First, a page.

The combination of Virgin Media’s v6 video service and broadband network with O2’s 5G capabilities will create a high-quality market offering with products that will feature high connectivity through and a superior entertainment system at a time in the U.K. when the demand for connectivity has never been greater. Under the terms of the deal, Telefónica will receive a €5.7 bn cash payment, which will likely be used to pay down on the company’s current debt load, which was valued at €37 bn in 2019. Additionally, Liberty Global will be paying €2.5 bn to equalize the JV, a reflection of Virgin Media’s €11.3 bn debt balance. Telefónica shares rose as much as 4.4% on the announcement of the merger but fell back down to 1.12% on the late-afternoon European trading. Investors remain optimistic that the integration of O2’s mobile network with Virgin’s fixed broadband network would be complementary to each other, leading to recent gains in an otherwise volatile market environment. In the wake of the COVID-19 pandemic and the skyrocketing use of internet services with customers working from home, this deal of telecom companies could lead to products and packages that have a large appeal within the next year.
Long Term Upsides
Telefonica expects a total of €7bn in synergies within 5 years of the deal’s closing, with 80% related to operating and capital expenditures, and the remaining 20% related to revenue. The key expected sources of cost and CapEx synergies includes: Use of existing infrastructure to provide services for each entity’s customers at a lower cost compared to standalone/wholesale capabilities, Migration of Virgin Media mobile traffic to Telefonica UK’s network, Combination of regional and national network infrastructures and IT systems, Reduction in combined marketing expenditures, Potential to reduce general and administration costs; and Site rationalization.
The deal may also place increased pressure on other industry competitors creating the possibility for further deal-making. The new company’s pooled subscriber base of 46m will make it the largest in terms of size, but second in annual revenues behind BT Group. Rivals Vodafone, Sky, Three UK, and TalkTalk will all face diluted market shares as a result of the combined services of Virgin Media and O2. Current market leader BT Group will also face pressure if O2 is able to successfully access Virgin Media’s national networks, as it currently pays BT for access to its national network. BT is currently the only UK provider to offer both a mobile and a fixed broadband network. Combining both O2 and Virgin’s distinctive capabilities will allow the two companies to compete directly with BT, putting rivals such as Vodafone at a disadvantage. These combined effects could open the potential for future consolidation in an industry that has remained relatively deconsolidated thus far.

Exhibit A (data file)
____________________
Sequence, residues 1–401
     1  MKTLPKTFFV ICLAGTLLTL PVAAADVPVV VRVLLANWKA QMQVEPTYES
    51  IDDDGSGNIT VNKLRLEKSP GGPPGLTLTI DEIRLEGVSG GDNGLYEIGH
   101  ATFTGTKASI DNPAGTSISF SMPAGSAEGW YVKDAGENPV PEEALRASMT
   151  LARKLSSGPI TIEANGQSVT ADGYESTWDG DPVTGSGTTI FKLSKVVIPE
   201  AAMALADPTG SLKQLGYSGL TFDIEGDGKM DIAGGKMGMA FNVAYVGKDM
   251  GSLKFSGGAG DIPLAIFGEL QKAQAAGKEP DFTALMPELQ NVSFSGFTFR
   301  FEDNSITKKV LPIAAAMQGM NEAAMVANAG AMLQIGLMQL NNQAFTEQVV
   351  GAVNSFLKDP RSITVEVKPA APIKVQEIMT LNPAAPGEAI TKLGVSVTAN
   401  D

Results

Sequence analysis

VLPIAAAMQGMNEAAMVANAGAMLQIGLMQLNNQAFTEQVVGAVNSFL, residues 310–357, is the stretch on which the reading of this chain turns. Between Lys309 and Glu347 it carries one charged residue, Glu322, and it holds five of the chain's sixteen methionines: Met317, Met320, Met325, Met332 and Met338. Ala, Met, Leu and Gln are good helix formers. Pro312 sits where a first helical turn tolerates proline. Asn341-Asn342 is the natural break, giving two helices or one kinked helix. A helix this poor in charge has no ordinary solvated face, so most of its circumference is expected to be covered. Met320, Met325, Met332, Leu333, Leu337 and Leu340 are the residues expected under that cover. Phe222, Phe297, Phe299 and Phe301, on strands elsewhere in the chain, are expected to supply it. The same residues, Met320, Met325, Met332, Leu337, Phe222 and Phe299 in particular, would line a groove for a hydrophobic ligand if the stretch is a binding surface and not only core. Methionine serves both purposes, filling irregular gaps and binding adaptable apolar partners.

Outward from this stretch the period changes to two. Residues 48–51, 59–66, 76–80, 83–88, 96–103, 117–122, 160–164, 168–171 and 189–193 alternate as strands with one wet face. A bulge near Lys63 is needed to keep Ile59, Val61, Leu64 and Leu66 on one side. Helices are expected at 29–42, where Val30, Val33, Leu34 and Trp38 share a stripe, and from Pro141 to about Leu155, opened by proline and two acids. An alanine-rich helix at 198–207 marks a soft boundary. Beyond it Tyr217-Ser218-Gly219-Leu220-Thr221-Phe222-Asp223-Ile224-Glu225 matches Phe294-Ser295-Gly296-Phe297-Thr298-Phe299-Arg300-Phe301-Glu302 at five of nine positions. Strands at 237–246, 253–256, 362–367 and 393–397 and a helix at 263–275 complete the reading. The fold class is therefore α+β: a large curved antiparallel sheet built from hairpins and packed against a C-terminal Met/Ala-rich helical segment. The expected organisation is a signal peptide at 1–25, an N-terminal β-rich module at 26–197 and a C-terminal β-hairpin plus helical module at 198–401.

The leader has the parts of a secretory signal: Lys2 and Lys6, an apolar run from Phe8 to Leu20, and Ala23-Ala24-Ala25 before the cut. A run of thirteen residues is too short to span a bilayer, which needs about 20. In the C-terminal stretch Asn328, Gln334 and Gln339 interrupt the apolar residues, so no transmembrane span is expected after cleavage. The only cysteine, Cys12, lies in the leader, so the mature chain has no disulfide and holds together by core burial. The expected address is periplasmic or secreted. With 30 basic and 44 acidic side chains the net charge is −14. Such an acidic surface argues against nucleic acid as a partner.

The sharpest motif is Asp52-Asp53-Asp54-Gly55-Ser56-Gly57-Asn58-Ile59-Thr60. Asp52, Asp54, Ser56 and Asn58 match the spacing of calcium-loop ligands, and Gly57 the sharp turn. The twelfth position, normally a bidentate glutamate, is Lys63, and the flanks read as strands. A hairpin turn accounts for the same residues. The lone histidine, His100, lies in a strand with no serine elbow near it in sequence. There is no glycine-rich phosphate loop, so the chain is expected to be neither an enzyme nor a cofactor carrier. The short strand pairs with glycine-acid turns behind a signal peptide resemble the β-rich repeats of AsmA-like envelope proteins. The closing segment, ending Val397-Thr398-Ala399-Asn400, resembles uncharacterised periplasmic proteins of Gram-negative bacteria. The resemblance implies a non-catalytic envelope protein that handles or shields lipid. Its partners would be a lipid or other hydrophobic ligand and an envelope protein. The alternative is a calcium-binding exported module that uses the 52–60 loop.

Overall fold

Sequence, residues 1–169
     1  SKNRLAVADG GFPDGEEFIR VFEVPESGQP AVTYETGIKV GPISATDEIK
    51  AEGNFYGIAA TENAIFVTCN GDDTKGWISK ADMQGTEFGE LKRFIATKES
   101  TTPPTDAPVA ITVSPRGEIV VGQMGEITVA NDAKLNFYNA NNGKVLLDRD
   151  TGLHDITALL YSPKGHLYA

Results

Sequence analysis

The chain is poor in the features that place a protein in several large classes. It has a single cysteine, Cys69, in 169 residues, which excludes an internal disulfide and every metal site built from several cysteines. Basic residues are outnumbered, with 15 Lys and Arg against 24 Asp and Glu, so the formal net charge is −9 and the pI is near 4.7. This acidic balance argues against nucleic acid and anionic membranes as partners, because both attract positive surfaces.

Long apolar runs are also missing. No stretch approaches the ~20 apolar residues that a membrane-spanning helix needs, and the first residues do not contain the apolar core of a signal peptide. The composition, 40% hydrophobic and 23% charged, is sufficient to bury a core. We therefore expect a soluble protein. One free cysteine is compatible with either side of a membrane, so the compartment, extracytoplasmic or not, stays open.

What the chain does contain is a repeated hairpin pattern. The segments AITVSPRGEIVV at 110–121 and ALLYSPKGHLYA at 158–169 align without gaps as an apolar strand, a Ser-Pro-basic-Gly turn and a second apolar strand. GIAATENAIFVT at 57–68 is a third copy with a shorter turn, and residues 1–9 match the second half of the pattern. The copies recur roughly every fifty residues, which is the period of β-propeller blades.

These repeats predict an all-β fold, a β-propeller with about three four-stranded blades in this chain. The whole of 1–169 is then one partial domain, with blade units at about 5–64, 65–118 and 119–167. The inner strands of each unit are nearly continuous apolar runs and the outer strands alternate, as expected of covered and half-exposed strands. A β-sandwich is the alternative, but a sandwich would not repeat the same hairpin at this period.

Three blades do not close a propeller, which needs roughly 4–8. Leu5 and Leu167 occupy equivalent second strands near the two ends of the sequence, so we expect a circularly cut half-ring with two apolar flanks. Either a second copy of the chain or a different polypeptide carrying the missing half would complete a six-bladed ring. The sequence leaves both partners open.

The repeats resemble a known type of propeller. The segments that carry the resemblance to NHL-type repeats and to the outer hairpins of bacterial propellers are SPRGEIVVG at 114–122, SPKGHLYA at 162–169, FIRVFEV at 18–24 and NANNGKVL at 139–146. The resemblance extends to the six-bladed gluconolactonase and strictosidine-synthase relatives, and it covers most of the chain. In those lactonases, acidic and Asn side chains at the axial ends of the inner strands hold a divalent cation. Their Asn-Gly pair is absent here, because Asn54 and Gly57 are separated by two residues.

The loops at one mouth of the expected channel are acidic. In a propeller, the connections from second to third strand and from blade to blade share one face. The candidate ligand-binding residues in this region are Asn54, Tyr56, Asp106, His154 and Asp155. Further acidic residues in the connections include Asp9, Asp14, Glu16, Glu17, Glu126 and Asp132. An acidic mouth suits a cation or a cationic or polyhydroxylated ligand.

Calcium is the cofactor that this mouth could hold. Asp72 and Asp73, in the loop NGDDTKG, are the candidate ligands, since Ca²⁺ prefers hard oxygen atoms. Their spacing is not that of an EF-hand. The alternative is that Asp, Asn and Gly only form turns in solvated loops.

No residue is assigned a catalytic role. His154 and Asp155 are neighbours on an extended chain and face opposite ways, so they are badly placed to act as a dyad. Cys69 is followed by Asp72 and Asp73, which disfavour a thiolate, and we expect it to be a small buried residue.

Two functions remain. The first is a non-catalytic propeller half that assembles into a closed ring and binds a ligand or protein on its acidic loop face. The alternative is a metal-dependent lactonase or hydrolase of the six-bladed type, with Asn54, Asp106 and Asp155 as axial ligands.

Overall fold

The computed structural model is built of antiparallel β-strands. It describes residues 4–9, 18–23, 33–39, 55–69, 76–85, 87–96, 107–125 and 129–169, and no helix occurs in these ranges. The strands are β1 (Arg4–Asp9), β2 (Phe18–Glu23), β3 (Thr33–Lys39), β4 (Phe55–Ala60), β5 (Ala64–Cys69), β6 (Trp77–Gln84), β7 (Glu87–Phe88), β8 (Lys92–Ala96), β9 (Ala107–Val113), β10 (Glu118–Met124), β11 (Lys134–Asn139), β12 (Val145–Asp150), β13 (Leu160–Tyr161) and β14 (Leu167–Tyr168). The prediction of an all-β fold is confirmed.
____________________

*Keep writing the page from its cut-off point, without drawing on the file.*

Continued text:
Risks and Uncertainties
After British and European regulators united to block Telefonica Chairman Jose Maria Alvarez-Pallete’s attempt to sell O2 to CK Hutchison Holdings Ltd in 2016, such a deal may seem threatened by similar efforts. These actions set a precedent against telecom industry consolidation throughout Europe as regulators feared that combining networks could lead to an increase in average prices for consumers. On the other hand, as the COVID-19 pandemic creates an increasing dependence on telecommunications, regulators may be more lenient as mergers will allow for greater investment into networks. Additionally, given that O2 and Virgin Media operate in different industries, many analysts view the risk of regulatory intervention being significantly lower than in past deals.
The intentions of the deal, however, have received some skepticism. Competitors such as Vodafone will be facing a big disadvantage if this deal were to take place. Furthermore, Liberty and Vodafone have a history of almost striking a deal in the past. This had led some analysts to believe that talks between Liberty and Telefonica may be a strategic maneuver by CEO Mike Fries to improve the terms of a Vodafone deal that he may secretly still be chasing. The potential for a rival bid from Vodafone or another industry competitor is still unknown.
“We think this deal will trigger a ripple effect on the UK market. Vodafone, Three, Sky and TalkTalk will all be assessing their positions and further deal-making can’t be ruled out.”
-(CCS Insight Analyst, Kester Mann)